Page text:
Katz-eye for D2x - prism/micro/matte vs. all-matte

Discussion in 'Nikon' started by dante_stella, Dec 9, 2006.

  1. Can anyone tell me from personal experience whether or not the matte surface of Katz-Eye screens is
    better for manual focusing than the matte in the stock B or E screens for the D2x? I was looking at the
    split-screen possibility, but Rachael Katz informed me that there is now an all-matte screen available. I
    would really like something like the old D screen, something with "bite."

    Also, does anyone know if the matte surface is usable for manual focusing in the Kodak 14n or SLR/n
    (similar finder to D100)?

    Any thoughts on the extra brightening treatment?
     
  2. The D2x has an electronic rangefinder that works will all lenses, including manual focus lenses. With practice, you can focus as well using the standard finder screen, but the green ball is an accurate backup.
     
  3. Edward - I'm aware of what the standard screen is like - very bright, unable to show DOF
    accurately and very difficult to focus manually, even when using the DK-17M. It's the classic
    example of sacrificing manual focusing for brightness. The opposite is the classic D screen
    for the F3 - pebbled glass with no fresnel, not the brightest but having tons of "bite" and
    capable of focusing even wideangle lenses.

    In my experience, the ERF is not a great solution - the sensing areas (like the AF zones) are a
    lot bigger than the brackets, and the focus detection system seems to grab whatever is
    closest within the sensing area.
     
  4. Haven't seen the all matte version. I've got the split image without the "optibrite" and it definitely has more bite than a stock D2X screen.

    The cool thing is, I'd swear with my fast lenses (30mm f1.4 Sigma, 50mm f1.4 and f1.8 Nikon, 85mm f1.4 Nikon, and 135mm f2.0 Nikon) that the Katz Eye is actually brighter than the stock screen. It may be scattering some of the central exit pupil light away from my eye, but it's scattering enough peripherial light back to the eye to make up for it.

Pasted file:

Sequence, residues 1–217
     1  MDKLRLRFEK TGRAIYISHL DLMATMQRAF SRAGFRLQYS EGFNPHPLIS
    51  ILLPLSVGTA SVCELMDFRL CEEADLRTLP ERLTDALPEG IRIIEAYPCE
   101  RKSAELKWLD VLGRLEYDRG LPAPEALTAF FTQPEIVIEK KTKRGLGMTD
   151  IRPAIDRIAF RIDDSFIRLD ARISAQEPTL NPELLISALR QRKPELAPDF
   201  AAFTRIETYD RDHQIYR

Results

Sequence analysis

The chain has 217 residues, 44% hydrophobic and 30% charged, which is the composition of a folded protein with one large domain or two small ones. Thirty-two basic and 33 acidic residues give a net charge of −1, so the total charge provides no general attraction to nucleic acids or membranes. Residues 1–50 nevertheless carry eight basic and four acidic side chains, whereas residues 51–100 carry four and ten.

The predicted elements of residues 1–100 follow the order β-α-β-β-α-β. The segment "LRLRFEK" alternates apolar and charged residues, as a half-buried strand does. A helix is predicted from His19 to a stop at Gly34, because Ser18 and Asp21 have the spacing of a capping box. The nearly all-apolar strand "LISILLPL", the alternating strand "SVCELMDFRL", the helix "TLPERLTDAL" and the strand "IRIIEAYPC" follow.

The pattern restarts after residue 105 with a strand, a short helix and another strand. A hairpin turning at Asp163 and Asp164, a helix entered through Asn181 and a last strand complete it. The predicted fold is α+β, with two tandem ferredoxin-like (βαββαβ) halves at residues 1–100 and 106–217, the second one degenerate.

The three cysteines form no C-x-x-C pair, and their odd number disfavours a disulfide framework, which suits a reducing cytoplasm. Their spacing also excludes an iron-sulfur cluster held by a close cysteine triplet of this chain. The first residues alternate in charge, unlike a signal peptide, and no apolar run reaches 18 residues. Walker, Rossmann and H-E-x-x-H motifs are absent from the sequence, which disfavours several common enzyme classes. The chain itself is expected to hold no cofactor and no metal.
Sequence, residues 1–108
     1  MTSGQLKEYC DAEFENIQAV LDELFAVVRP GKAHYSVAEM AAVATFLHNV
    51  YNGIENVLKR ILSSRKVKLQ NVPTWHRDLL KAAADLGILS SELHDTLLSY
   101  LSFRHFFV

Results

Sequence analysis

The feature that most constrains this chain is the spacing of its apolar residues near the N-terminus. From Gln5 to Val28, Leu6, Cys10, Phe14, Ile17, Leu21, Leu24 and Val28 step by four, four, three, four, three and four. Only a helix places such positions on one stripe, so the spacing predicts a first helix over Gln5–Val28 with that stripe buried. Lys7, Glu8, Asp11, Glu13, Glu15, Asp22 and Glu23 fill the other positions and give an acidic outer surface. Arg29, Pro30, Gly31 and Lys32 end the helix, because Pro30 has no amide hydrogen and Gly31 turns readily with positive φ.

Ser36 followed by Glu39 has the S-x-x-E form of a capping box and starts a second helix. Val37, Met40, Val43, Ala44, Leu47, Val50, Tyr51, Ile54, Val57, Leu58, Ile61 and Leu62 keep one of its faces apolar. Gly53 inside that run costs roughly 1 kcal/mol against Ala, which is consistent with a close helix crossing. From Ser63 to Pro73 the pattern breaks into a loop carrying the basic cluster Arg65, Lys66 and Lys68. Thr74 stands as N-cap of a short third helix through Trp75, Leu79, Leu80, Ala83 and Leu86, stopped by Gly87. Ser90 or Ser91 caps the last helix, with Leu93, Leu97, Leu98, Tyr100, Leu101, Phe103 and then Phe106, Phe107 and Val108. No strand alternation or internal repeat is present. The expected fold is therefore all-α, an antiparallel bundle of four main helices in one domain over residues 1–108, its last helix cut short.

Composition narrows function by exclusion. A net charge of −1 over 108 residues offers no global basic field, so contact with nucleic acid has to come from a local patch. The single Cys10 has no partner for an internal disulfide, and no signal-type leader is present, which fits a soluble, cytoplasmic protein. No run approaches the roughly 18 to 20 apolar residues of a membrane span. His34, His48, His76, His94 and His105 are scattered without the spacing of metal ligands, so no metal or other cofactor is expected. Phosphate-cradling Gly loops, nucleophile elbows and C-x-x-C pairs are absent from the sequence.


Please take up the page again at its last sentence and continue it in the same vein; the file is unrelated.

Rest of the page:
All the reports I've seen from people with the optibrite version say less bite than stock.
     
  5. I went with the extra brightening even though my typical glass is f/2 or faster. I didn't feel that I would lose much with those lenses as opposed to what I would gain with slower zooms. So far that's been a fair bargain.

    As far as the matte screen, I don't find the small split prism in the center annoying, and it and the microprism section are of course very useful at times. I think that adds up to an acceptable compromise, but then again that's what I preferred on film cameras as well.
     
  6. Dante, I too used the matte screen with the F3, I used it for many years in both my
    working cameras. I did daily newspaper work and this was surely the best solution for
    young eyes and fast lenses.

    I have the Katz eye split screen with optibrite on my D2H. I find the split screen to be very
    helpful, but even more so is the microprism. I have never been a huge fan of microprism,
    and when I was younger I even wondered why it existed. However, now with smaller
    screens and slower lenses (ie zooms @ 2.8) I find the microprism to be superior to even
    the split image. I don't find the matte to be that great on the Katz eye. It may be better
    than the Nikon one but it is still very hard to use for focusing.

    I have been using a 50 1.2 for weddings and I have to say the results are very poor. I just
    cannot focus this lens accurately in working situations. Sharp images are coming in at far
    less than 50%. The split image is a bit too small to really use accurately and detail is
    simply lost on the matte. The microprism is by far the easiest focusing aid to use witht he
    digital screen size in my opinion. But it's ring is still fairly small. I would like to see Katz
    give us a matte screen with a full microprism in the center... I think.

    To summarize, I cannot tell you how frustrating manual focusing has been for me with the
    digital camera. I recently had my 28/2 reworked and it too is a problem. The fact is,
    when working you can't afford the time to shop around your subjects face for an
    acceptible place to line up a split image. Unless you have a very close subject, matte
    focusing (for me) is nearly impossible. I like the microprism, but in low light it can be hard
    to see.

    I was taking a picture for my son this morning with the 17-55 wide open; two teddy bears
    on a block tower for a Kindergarten journal. I was shooting into a heavy backlight and
    attempted to manually focus on one of the bears. Here is a static situation with a flary
    backlight. Manual focus was simply impossible. I tried all three options. At 17 mm it was
    simply impossible to use any one of the three focusing aids.
     

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